London has cultivated a popular and distinct hip-hop scene. Its eventual merge with the city’s underground electronic music scene in the 2000s led to grime, with its choppy rapid-fire lyrical patterns and accelerated tempos. Mike Skinner the creative force behind of The Streets, is one of the best established acts in the genre. Skinner hasn’t released much since dual 2011 mixtapes Cyberspace and Reds and Computers and Blues. He’s finally back with a new mixtape in None Of Us Are Getting Out Of This Life Alive. But if anything, the newest entry to The Streets’ catalog shows Skinner’s rust.
An icon in England, Skinner has collaborated with the likes of Kano, Muse and most recently, Tame Impala, curating an experimental sound influenced by New York hip-hop legends like DJ Premier and Erick Sermon, which comes through in the mixtape’s production. Despite Skinner’s decades of experience—going back to the ’90s — None Of Us Are Getting Out Of This Life Alive comes across as derivative, whiny and disappointing.
The mixtape opens with “Call My Phone Thinking I’m Doing Nothing Better,” guided by a simplistic piano melody over some synthesized clapping snares. It’s a pleasant instrumental that embraces more traditional production stylings. Skinner proceeds to rap about being on his phone and receiving calls from an ex he doesn’t want to talk to, passive-aggressively leaving the call to go to voicemail so he can return to whatever it was he was doing just prior.
The title track employs some distorted electric guitars, evocative of El-P’s Definitive Jux years producing for artists like Aesop Rock and Cage. The disjointed lyrics of this song touch on topics ranging from politics to love, isolation and so on, making it hard to care for long about what Skinner is talking about.
Production is still a strength for Skinner, as the instrumentation on each track is generally pleasant and well-suited for more lyrically talented artists to hop on and assist in making what could be some very impactful music. Yet the repetitive nature of his droning choruses, along with the fact that Skinner only raps in one blasé and disinterested style, makes it difficult to take the mixtape seriously. In some cases, he doesn’t even bother to complete the elementary rhyme patterns he imposes. So whenever one of the many guests featured outperforms him on a verse, it’s frustrating. South London rapper Ms Banks makes an entertaining appearance on “You Can’t Afford Me” and Oscar #Worldpeace on “The Poison I Take Hoping You Will Suffer.” On both songs, the guests end up carrying the better parts of the track, while Skinner disinterestedly drones on about his phone and girls.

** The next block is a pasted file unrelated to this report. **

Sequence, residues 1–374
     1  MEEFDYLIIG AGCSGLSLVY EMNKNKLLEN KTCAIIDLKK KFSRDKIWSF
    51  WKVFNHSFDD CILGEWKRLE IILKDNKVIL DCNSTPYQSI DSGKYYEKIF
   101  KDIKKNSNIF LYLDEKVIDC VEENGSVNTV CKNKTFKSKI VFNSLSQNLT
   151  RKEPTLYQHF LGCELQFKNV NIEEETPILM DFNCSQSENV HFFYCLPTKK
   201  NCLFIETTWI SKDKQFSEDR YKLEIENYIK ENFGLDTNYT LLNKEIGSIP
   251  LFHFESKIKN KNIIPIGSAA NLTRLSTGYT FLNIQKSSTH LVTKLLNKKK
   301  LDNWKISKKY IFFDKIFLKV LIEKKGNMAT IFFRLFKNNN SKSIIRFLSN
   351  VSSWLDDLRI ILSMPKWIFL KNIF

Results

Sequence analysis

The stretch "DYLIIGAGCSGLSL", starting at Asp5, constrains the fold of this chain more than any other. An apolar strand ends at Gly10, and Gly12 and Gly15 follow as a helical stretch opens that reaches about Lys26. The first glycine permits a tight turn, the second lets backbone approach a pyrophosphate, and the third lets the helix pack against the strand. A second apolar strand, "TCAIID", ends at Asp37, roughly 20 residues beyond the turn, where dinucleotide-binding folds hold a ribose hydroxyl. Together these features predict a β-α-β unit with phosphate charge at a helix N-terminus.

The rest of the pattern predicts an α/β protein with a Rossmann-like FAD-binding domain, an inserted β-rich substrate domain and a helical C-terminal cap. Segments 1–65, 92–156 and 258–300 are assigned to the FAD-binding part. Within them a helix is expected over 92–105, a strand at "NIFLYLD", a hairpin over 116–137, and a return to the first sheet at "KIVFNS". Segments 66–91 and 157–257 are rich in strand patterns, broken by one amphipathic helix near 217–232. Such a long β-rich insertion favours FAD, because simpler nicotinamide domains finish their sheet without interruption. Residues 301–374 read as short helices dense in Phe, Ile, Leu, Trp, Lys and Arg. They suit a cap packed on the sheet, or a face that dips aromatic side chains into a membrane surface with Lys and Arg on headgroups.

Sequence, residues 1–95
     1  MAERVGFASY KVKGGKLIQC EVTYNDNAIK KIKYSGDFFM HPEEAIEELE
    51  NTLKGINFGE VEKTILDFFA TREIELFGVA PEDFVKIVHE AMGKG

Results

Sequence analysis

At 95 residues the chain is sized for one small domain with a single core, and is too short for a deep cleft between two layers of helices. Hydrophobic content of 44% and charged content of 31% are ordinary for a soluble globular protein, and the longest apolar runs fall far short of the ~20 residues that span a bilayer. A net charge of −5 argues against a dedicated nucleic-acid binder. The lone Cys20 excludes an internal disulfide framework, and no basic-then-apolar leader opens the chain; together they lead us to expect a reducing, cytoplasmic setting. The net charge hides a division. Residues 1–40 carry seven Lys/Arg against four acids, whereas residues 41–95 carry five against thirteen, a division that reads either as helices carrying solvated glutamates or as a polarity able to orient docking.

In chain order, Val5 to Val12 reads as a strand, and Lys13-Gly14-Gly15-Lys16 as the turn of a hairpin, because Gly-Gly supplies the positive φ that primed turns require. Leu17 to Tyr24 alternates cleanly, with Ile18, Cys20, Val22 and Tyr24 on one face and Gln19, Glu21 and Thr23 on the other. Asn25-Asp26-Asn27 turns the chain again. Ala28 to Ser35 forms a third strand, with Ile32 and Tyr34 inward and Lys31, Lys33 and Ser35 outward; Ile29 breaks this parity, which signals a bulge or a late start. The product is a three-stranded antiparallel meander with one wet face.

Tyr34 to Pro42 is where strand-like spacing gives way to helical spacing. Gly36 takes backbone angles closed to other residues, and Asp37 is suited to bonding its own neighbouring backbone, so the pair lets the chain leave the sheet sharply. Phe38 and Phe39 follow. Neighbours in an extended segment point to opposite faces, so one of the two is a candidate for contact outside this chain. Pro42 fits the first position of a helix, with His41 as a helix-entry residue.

“Eskimo Ice” in particular gets under your skin, partly due to the preachy lyrics about dating laid over a club beat that feels like it sampled one of the ice-themed levels from “Super Mario.” The Streets tops it off with an obnoxious chorus that highlights just how tone-deaf the song is in a time where racial conflict and inequality is at the forefront. Skinner may be trying to reference formative grime track “Eskimo,” by Wiley, but remember that the term has its roots in dehumanizing language used by colonizers to group Inuit and Yupik people together. Not even Dreyer’s Ice Cream wants a piece of this. And in the middle of this, Skinner finds a place to drop a palm-meet-forehead line as he drops generic party bars about dating: “Think about your content/ Find the light for your stories.”
The mixtape continues to drop even more vapid and obnoxious songs like “Phone Is Always In My Hand,” “Same Direction” and “Take Me As I Am,” about topics ranging from being on your phone to girls problems.
Skinner offers a respite from the duller moments of the mixtape on “Conspiracy Theory Freestyle,” where at its best The Streets offer a tepid political critique of how those in power attempt to warp and manipulate narratives and how people need to think more critically about the information presented to them.
None Of Us Are Getting Out Of This Life Alive embodies many of the most contrived and tired clichés that have rattled hip-hop over the last few years, and it’s disappointing that someone who has been around since the golden age of hip-hop cannot seem bothered to try to talk about anything outside of the realm of whatever the kids are on about these days.
Lupe Fiasco’s The Cool explored the enigmatic facade of what it means to be cool, Kool Keith told stories of alien doctors and rock stars from outer space as a metaphor for contemporary societal issues on Black Elvis/Lost In Space and Dr Octagonecologyst. It’s time to evolve and speak to more inspiring and material matters, but this new mixtape by The Streets isn’t moving hip-hop forward in any meaningful way. In a sense, the most apropos thing this mixtape has going for it is its name.
Follow editor Tim Hoffman at Twitter.com/hipsterp0tamus.